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Emotional reunion for grandmother with life savers who brought her back from death

Date: 06 June 2023

Time: 12:00

The Kay Rush patient meet-up; from left to right: PC Josh Stephenson, Rachel Trengrove, Sharon Spencer, Kay Rush (patient), Michelle D'Arcy, Georgina Bull and Sergeant Barry Scott

A grandmother from Stevenage enjoyed an emotional reunion with the people who saved her life after she suffered a cardiac arrest at the wheel of her car in April.

Kay Rush, 63, is on the road to a full recovery and will visit Stevenage Ambulance Station on Babbage Road on Monday 5th June to thank the people whose actions each played a key part in saving her life.

Early intervention with CPR is crucial in increasing the chances of survival in cardiac arrests suffered outside of hospitals and Kay now looks back thankful it occurred when it did, rather than five minutes earlier or later, when she would have been home alone. 

She suffered the cardiac arrest just after 3.30pm on Fellowes Way in Stevenage on the 13th April which caused her to crash her car into a parked vehicle.

Michelle D’Arcy was having lunch at the Our Mutual Friend pub opposite and the off-duty school crossing patrol officer rushed to help when she witnessed the crash. Seeing Kay was in cardiac arrest, Michelle started CPR immediately with Kay still at the wheel of the car.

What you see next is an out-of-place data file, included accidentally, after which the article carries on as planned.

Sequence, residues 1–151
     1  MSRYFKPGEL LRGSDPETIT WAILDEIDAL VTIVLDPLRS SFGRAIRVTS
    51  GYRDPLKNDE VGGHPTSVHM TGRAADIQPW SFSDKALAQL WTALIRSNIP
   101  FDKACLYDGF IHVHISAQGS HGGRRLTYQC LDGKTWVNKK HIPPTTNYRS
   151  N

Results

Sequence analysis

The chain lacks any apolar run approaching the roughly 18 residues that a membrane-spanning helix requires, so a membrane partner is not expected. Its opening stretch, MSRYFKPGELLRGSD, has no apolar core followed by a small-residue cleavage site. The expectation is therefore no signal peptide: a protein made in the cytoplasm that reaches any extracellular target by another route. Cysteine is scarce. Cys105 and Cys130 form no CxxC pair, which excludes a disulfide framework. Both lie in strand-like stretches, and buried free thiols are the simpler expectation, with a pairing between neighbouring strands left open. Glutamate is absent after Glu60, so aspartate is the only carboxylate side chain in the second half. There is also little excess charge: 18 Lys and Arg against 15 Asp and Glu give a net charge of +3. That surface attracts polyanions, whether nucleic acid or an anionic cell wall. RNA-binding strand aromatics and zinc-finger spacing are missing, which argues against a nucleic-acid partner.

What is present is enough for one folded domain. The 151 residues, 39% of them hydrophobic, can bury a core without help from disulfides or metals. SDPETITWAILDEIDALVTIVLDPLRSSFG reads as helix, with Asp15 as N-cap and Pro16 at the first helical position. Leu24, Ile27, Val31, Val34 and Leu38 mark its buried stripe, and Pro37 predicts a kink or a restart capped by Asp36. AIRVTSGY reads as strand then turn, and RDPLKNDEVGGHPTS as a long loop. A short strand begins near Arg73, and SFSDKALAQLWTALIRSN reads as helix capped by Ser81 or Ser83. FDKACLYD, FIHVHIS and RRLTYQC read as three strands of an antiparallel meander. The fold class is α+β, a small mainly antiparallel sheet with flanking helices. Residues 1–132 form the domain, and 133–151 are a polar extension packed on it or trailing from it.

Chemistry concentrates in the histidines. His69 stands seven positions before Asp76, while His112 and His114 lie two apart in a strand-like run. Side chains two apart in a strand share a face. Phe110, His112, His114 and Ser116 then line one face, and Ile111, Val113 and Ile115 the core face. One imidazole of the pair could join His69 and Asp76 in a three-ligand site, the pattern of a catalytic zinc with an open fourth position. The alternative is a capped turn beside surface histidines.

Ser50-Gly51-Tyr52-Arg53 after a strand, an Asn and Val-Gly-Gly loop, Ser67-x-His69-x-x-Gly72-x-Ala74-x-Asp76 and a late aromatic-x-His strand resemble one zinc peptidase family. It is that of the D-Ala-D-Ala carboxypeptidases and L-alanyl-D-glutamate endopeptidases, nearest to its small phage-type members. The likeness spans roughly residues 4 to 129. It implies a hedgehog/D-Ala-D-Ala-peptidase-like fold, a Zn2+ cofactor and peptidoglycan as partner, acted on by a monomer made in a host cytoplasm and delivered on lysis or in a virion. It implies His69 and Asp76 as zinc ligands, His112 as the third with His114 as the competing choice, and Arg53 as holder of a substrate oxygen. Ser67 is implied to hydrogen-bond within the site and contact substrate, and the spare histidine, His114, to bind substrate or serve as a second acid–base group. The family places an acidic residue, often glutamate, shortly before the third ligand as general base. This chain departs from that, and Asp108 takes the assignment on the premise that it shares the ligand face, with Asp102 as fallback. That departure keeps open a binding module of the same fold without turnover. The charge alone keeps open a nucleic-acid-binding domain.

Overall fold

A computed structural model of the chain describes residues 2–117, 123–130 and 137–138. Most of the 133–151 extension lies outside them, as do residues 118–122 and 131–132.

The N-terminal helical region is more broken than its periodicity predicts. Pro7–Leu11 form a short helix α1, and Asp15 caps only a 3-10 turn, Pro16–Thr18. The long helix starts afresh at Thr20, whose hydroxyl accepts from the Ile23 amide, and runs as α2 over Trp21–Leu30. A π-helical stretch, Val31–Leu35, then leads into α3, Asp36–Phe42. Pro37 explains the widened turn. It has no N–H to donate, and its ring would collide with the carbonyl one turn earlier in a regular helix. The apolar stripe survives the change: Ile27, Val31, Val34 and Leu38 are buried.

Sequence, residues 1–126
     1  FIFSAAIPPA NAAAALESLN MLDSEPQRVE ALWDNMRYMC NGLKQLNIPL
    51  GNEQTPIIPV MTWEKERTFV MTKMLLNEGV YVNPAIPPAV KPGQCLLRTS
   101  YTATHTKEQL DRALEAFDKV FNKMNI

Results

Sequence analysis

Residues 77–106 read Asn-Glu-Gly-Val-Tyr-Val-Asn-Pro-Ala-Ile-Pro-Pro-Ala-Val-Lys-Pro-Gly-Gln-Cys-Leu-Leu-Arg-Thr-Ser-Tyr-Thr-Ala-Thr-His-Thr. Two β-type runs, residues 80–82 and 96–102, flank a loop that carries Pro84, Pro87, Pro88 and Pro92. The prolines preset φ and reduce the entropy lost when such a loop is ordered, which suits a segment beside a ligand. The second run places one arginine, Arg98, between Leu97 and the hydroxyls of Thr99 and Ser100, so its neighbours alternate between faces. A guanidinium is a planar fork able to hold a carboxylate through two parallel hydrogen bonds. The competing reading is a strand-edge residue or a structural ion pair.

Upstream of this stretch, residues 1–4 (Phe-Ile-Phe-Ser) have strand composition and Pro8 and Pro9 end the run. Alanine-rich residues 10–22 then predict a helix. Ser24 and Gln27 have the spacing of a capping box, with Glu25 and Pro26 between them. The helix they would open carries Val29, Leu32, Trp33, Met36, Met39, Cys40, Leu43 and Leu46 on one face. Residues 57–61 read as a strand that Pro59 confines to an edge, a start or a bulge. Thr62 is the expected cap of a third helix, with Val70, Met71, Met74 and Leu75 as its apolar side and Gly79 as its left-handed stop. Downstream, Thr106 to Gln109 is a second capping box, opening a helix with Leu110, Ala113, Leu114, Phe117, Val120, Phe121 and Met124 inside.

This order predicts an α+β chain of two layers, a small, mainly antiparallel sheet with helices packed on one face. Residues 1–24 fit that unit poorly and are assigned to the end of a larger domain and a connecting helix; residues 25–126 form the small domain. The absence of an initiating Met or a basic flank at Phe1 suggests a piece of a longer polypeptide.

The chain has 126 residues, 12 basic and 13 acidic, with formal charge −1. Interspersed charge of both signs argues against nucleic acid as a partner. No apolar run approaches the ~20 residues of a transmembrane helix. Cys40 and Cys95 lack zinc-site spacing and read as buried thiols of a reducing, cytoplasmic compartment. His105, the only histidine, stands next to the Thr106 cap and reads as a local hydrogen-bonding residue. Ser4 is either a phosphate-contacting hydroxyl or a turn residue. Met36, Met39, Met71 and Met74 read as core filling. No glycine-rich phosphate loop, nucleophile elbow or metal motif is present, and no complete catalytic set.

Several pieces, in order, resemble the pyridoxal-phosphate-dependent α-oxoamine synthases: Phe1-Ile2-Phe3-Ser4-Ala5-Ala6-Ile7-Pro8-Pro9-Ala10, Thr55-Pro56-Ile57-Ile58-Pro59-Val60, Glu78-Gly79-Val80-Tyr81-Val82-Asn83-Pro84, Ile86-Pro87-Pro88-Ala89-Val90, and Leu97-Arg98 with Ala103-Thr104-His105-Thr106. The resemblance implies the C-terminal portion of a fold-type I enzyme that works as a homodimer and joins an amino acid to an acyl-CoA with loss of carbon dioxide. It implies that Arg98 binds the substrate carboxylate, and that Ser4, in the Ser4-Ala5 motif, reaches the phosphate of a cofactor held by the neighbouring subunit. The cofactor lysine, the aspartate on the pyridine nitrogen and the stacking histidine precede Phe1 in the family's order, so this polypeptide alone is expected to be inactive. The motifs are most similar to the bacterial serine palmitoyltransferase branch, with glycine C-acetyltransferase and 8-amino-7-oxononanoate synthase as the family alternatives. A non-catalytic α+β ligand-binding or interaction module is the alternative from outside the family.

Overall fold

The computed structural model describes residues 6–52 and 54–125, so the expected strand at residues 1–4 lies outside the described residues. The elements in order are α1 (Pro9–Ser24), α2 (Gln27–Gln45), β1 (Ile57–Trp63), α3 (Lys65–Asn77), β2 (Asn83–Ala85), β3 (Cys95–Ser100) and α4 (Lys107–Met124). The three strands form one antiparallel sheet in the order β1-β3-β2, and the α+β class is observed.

Sharon Spencer, a senior paramedic in a rapid response vehicle, was on scene within two minutes and moved Kay out of the vehicle to continue the CPR.

Rachel Trengrove, a senior paramedic and developing leading operations manager, arrived soon after to assist, along with an ambulance – crewed by Leroy Leachman, a newly qualified paramedic, and Georgina Bull, an apprentice emergency support worker.

Officers from Hertfordshire Constabulary were also quickly on scene and Acting Sergeant Barry Scott and PC Josh Stephenson assisted in the life-saving efforts by performing CPR on Kay.     

Kay was given four shocks over a 12-minute period which achieved a return of spontaneous circulation (ROSC) – which is a resumption of a sustained heart rhythm after cardiac arrest.

Essex and Herts Air Ambulance landed their helicopter shortly after to provide critical care assistance. They performed a rapid sequence intubation (RSI) on Kay before she was transported by road to the Lister Hospital.

After 24 hours, Kay was extubated and came round with no major problems, just having slight short term memory loss. The hospital found nothing wrong with her heart and the cardiac arrest had been spontaneous.

She was transferred to the cardiac unit in the Royal Brompton Hospital in London and has now had an internal defibrillator and pacemaker fitted and is building up her stamina with her seven grandchildren keeping her busy.     

 Kay Rush said:

 “This cardiac arrest came out of the blue as I thought I was in good health. I had completed a virtual London Marathon in 2021.